Marjory Stoneman Douglas High School lost way too many loved ones on Valentines Day this year. How many of those students hugged and kissed their parent's goodbye that morning, received valentines from their friends, and ended up in body bags? 17.

While this is a matter of gun control and mental illness that certainly needs to be discussed, this is not about that.

The worst part about it all is that it could have been prevented in more ways than one:

Nikolas Cruz, 19, openly displayed his desire to maliciously hurt other people.

He had behavioral issues, was expelled from school, wasn't allowed to bring a backpack onto school grounds, posted explicit content about his love for weapons on social media, was said to be abusive to his ex-girlfriend, and violent towards her boyfriend.

A young adult who lived a troubled childhood; it is the perfect script.

What deepens his narrative is the YouTube comment he made about wanting to be a professional school shooter. Ben Bennight, a YouTube blogger, noticed the sick comment, decided he couldn't ignore it, and informed the FBI.

That was in September. That was 5 months ago.

The FBI questioned Bennight about his association with the person who posted the comment, except there wasn't any. Bennight was a spectator, a decent human being who took into consideration real threats and acted upon them in order to make sure nothing stemmed from it (he should be awarded for his efforts).

FBI Special Agent in Charge Rob Lasky was unable to identify the person who made the comment, therefore, nothing was done to prevent the future ramifications which occurred February 14th, 2018.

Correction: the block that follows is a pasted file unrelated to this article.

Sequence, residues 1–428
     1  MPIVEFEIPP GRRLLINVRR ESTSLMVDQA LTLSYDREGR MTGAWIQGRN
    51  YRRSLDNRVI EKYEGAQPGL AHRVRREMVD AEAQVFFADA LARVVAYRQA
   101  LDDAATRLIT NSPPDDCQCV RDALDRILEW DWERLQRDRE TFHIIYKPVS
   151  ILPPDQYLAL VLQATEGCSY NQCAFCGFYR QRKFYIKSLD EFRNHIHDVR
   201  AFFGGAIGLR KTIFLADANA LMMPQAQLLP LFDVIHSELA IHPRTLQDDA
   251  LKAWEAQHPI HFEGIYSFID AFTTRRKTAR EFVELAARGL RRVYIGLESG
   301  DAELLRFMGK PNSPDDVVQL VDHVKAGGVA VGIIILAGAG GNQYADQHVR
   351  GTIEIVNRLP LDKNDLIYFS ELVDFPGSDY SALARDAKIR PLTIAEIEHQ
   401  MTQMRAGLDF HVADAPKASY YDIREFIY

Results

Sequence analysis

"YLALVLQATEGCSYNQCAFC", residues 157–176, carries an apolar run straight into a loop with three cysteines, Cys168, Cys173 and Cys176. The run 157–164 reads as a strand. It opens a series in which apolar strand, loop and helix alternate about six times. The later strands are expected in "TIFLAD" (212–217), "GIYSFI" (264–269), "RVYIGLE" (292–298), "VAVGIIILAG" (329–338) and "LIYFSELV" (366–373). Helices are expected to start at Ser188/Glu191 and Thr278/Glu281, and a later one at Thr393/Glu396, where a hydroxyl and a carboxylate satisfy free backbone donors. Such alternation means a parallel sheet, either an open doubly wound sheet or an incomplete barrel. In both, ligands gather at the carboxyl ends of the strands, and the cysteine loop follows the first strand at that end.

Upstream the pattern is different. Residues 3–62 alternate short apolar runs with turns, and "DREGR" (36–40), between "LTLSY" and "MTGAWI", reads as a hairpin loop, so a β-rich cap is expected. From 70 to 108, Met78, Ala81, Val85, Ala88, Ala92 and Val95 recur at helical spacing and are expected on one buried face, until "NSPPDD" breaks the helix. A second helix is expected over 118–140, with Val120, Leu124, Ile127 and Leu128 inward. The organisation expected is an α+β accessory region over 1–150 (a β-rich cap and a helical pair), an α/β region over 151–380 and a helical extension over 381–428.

How much attention was given to this cyber threat by the FBI? Did the FBI pursue this further and contact YouTube to request information on the account that was used to post the comment? Did the FBI do everything on their checklist to ensure that this wasn't actually a threat? If Nikolas Cruz was able to purchase a weapon, why couldn't the FBI search his name in their databases or even Google for Christ's sake to figure out who this suspect was?

The national campaign, "If You See Something, Say Something" was put into place to raise public awareness of terrorism and terrorism-related crime, and report suspicious activity to law enforcement. Bennight saw something and he said something and yet nothing was done. The case was thrown into a pile and forgotten.

The FBI is supposed to protect the American People and be ahead of the threat, but they were ignorant to this foreseen tragedy. The lives that were lost, were not taken seriously. The lives that were lost, were not important enough to the FBI.

The 17 people who died, the 14 people who were injured, their families and friends, teachers, and the community.. they were failed.